Legislating Honesty

There’s Knowledge.
There’s Experience.
There’s Understanding.

You impart knowledge.
You give experience.
You assess understanding.

If you’re lucky, you’ve just trained yourself a great new appraiser!

I’ve been lucky several times in my career, where the trainee just “got it”. Obversely, I’ve been unsuccessful many times, too. There’s nothing more frustrating than looking to turn on the light and not even finding the switch. Back to one of my favorite sayings: “There’s more than one way to skin a cat”. As it applies here: It’s not my way or the highway, but your way has to lead somewhere – if it doesn’t, you’re not going to be a successful good appraiser in the long run. You may be successful and you may have enough book knowledge to pass exams, but you won’t be a good appraiser.

Many saw the promise of easy money from appraising during this last R.E. boom. Licensing classes are not cheap, meanwhile you’ve got to find a “Mentor” who will guide you through the experience part and sign your work to make it count in the eyes of the Authorities. Your fee to get your actual license is another chunk of change, so by the time the Law figures you can stand on your own two feet, you’ve got quite an investment, both in dollar cost and time. Even if you didn’t “get it” and you’re on a road that leads to nowhere, you’re not likely to let it go at this point.


NOT damn YOU, – damn what “they” have done. And – damn us “old-timers” who let “them”.

I guess with licensing the appraiser profession became more respectable and more mainstream. In the -80’s it was a mysterious occupation – “what do you have to do to become an appraiser” and “you’re the first female appraiser I’ve ever known” were not unusual comments back then. Even a little non-client-specific banter about the appraisal process, itself, would often take place. Overall, it was a friendly climate. It has changed over the years, generally it has devolved into a “us vs. them” type of relationship – much like we’ve all been taught to despise management. Divide and conquer. I digress….
So, anyways đŸ™‚ now you can just go ahead and become an appraiser. “Anybody can become an appraiser…” – right? Apparently. Why else does USPAP keep squirming? Federal Laws & Regulations? Beloved FNMA? I’ll say it again and again: the more laws and regulations, the more insidious the crook. Only the stupid crooks get caught, the rest keep poisoning the appraisal pool and making it harder and harder for honest people to stay in business. Not because it is hard to be honest (unless you’re not so inclined to begin with) but because a lot of time has to be spent on convincing and proving that you took all the steps that the laws and regulations deem necessary to prove that you are, in fact, honest, and that you’re not in cahouts to mislead the world. Oh, and only honest appraisers care enough to truthfully go through those steps.
Now – an often overlooked fact: you really only hear about these conspiratorial appraisers in the context of mortgage lending. The whole profession has taken a hit, though, because that’s what most people associate an appraiser with. Unfortunately, lending work has been the main-stay for many appraisers for so many years that to loose that type of client easily pushes you out of business. That’s what happened to me – pressure was rising on the lenders and AMC’s loomed on the horizon. My main clients saw the writing way before HVCC came down and switched to AMC. AMC’s haven’t changed their way of business – their $ cut to the appraiser was shitty then, just as it is now. For the rest of the story, look for my “POOR ME” entry…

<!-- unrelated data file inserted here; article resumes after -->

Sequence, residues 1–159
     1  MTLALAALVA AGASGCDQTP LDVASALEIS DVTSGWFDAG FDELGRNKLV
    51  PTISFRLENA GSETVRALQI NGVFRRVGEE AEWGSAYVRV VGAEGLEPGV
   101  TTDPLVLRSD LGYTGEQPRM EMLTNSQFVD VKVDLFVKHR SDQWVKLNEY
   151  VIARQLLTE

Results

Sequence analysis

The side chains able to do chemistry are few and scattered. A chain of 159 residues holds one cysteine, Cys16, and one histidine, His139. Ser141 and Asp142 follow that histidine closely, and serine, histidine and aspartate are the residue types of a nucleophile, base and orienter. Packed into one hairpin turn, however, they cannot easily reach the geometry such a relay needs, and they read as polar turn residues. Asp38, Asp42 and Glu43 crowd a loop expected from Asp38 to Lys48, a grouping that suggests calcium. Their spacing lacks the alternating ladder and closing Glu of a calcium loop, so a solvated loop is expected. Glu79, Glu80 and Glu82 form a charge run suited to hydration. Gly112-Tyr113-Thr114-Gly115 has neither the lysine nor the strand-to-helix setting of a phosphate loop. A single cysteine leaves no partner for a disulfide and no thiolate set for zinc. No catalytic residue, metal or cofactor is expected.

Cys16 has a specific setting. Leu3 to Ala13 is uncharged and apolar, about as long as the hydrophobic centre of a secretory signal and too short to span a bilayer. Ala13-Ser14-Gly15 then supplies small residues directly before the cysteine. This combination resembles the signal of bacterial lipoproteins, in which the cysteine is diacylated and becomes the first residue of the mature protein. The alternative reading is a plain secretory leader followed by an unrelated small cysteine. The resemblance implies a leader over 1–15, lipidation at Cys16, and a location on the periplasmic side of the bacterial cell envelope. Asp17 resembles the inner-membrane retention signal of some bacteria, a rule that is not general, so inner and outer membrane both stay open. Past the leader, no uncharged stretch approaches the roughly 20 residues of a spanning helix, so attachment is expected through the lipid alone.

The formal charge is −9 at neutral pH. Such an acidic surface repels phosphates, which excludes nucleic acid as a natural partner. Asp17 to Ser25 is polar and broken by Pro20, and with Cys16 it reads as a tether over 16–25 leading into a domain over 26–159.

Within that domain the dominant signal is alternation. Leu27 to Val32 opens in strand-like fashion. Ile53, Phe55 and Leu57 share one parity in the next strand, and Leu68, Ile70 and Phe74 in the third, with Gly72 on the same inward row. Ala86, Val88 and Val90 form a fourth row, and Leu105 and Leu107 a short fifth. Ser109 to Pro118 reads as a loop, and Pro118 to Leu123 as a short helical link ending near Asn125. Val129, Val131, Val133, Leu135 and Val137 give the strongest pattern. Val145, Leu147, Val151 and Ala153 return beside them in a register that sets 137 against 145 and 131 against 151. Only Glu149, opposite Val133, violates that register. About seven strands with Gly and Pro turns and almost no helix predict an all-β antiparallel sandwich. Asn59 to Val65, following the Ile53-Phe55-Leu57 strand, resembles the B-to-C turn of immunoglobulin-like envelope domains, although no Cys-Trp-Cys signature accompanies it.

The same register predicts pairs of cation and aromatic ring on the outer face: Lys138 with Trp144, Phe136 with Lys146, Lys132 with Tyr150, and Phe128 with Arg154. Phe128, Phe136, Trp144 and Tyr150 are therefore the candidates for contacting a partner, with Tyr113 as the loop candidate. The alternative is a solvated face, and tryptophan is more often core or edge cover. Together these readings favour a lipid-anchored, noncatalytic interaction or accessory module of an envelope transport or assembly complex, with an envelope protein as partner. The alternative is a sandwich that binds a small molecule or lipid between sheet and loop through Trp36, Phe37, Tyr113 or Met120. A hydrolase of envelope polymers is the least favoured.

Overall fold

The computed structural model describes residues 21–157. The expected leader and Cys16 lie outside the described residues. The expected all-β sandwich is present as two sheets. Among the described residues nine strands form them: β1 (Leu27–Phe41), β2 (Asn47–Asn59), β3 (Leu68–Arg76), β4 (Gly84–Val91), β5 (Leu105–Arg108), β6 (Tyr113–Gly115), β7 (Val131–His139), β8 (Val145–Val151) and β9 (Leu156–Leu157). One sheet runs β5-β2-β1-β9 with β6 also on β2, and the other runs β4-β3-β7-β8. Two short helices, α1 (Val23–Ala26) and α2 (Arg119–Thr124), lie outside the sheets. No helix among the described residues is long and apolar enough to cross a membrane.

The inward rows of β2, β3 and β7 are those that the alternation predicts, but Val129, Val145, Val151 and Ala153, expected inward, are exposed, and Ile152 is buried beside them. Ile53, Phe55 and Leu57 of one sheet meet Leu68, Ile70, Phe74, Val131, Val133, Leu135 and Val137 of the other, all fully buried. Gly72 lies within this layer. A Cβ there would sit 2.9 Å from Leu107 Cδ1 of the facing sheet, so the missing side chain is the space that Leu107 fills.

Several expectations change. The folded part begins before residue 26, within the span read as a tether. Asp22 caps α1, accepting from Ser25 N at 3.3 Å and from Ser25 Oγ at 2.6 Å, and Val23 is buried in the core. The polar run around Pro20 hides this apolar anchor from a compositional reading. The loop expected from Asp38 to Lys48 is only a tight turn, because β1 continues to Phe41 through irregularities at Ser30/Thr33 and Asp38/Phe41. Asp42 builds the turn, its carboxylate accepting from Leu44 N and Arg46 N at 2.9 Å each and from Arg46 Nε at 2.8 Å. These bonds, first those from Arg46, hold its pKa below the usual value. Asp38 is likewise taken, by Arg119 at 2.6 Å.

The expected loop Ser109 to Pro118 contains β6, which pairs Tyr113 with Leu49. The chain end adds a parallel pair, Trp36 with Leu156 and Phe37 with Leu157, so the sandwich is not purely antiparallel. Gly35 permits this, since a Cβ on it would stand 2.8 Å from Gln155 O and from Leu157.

Ah, :::sob:::
BTW – the “easy money” part, think again. As an independent, self-employed appraiser your overhead is quite substantial. Back in the full-fee days, i.e., before the “mandatory” AMC’s, I did make a nice gross income, but easy – no! It was long hours, 6 days a week, sometimes 7. Four hours of sleep was often all I could squeeze out. Any and all weather conditions (in Southern California that’s not too bad, but it does get HOT!).
More on “easy money”: appraisers work on a flat fee which can vary from job to job, by bid. Usually, a standard fee is agreed upon for lending work with a particular client. This often varies from client to client, and of course with the type of appraisal assignment.

I’d love to see the appraiser’s compensation being a percentage of the appraised value – and then see who’s still being honest!!! I’d bet there’d be plenty of work for a few proven appraisers. But the most fun would come from watching “them” trying to legislate that honesty, hehe.
Hey – everybody else involved with mortgage lending is being paid on a percentage basis, why not us? It is obvious from existing legislation and regulation that the “serving the public trust” part of our commitment is not being trusted, anyway, so what the hell?

Thank you, I feel better now. I’ll sit down.


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6 Responses to Legislating Honesty

  1. Rita Bradley says:

    You made me laugh!

  2. TheStupidAppraiser says:

    Thanks – I’m dead serious, though – but no use crying over spilt milk, as they say. Gotta go forward – “WE” are smarter than “THEM”, we’ve just been lazy.

  3. You do a great rant!!

    Still my favorite line: “the more laws and regulations, the more insidious the crook”

  4. Cecilia, what you say is so true. Somehow the law always seems to help out the cheaters the most. Maybe that’s what laws are really for.

    • Cecilia says:

      You may well be right, there, Marty! It’s particularly frustrating to somebody gullible, like me, who wants to trust people. Sigh!